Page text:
Brian Collins – Initiation

My father recalls a ceremony he learned at the Naval Academy. He was about twenty years old when he experienced this in Annapolis, Maryland, during his junior year in college, about 20 years old.

Brian recalls, “At the Naval Academy, they have a ring dance during your junior year. And during the Ring Dance, they have a ceremony – after you finish your junior year you get your class ring – and so the Navy has, uh, different ships provide water from the seven seas, the seven oceans of the world, and they mix them all together in like a, uh, something equivocal to a baptismal fount. Then your date, who’s wearing your ring around her neck, dips it in the water. And that is symbolic of entering your senior year.  I think it’s just symbolic that you will be travelling the ocean as a Naval Officer.”

Brain thinks that, “It’s a very, uh, symbolic, traditional, you know, military ceremony that’s kind of like a rite of passage. It’s like passing through a milestone. “ Most ring ceremonies have this same sentiment, preparing a young adult for their last year of adolescence (especially in high school). The fact that it is the date of the man entering his senior year who wears the ring and dips it stands out to me. I wonder why it would not be the man himself who dips the ring. It’s considered bad luck to have a woman on board a ship, so I wonder why they are allowed to handle the ring the sailor will likely wear out to sea. Perhaps it is a reminder of female companionship while out at sea… I’m not certain. But, either way, my father wears his class ring often, especially when he’s looking to impress others, and I’m sure he remembers the ceremony fondly when he sees his ring.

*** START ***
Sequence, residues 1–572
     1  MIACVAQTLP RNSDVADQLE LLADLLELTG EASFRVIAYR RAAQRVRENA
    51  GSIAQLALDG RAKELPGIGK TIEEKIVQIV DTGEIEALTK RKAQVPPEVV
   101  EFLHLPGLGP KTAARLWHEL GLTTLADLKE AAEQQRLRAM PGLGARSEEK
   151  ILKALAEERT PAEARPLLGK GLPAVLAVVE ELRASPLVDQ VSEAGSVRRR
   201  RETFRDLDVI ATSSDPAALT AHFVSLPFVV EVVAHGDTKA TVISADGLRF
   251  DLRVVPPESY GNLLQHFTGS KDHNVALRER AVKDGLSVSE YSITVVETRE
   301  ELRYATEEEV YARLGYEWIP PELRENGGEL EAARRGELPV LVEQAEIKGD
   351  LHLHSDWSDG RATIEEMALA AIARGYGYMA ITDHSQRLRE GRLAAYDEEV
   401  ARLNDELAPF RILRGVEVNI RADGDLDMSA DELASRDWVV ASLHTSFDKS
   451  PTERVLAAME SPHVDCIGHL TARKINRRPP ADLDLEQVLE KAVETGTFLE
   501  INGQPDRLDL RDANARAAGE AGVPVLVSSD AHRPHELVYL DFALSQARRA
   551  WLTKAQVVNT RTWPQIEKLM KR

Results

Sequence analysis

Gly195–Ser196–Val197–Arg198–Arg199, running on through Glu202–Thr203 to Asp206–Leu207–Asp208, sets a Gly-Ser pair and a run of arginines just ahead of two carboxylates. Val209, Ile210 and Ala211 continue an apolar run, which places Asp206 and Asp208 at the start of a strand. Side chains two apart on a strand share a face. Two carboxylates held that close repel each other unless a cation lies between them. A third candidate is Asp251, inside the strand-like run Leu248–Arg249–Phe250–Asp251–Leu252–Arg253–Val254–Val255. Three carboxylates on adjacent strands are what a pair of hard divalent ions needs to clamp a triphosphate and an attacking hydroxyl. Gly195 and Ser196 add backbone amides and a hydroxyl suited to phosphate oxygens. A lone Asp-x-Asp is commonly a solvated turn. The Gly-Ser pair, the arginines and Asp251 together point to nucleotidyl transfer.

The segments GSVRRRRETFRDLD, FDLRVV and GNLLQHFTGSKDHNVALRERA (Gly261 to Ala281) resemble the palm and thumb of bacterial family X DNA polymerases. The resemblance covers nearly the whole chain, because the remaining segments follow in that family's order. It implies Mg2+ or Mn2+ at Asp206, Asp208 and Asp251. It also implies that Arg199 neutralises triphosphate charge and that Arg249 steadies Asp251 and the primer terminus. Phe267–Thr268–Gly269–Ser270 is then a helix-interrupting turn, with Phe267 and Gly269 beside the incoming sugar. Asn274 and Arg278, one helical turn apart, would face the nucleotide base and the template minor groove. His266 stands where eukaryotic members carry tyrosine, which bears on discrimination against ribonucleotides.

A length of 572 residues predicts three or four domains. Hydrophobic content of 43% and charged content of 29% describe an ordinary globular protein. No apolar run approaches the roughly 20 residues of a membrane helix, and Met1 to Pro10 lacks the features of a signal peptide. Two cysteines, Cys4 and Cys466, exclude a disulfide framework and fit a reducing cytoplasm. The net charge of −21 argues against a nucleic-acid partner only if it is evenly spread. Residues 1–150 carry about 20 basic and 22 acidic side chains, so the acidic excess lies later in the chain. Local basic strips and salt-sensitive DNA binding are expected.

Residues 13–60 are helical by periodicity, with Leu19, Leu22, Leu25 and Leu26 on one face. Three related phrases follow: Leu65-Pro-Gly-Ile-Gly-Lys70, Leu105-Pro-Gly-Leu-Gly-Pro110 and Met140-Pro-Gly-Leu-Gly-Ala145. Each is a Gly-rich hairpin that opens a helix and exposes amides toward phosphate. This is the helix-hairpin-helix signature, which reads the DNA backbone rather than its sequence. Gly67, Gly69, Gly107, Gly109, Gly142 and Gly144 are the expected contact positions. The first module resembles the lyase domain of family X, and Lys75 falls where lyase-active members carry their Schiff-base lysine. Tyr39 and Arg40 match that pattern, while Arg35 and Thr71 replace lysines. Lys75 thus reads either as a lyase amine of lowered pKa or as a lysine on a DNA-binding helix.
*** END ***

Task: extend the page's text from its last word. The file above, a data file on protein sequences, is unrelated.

Annotated: This ceremony can be seen as documented in the United States Naval Academy website.

“The Bonds of Gold.” United States Naval Academy. N.p., 2008. Web. 28 Apr 2011. <>.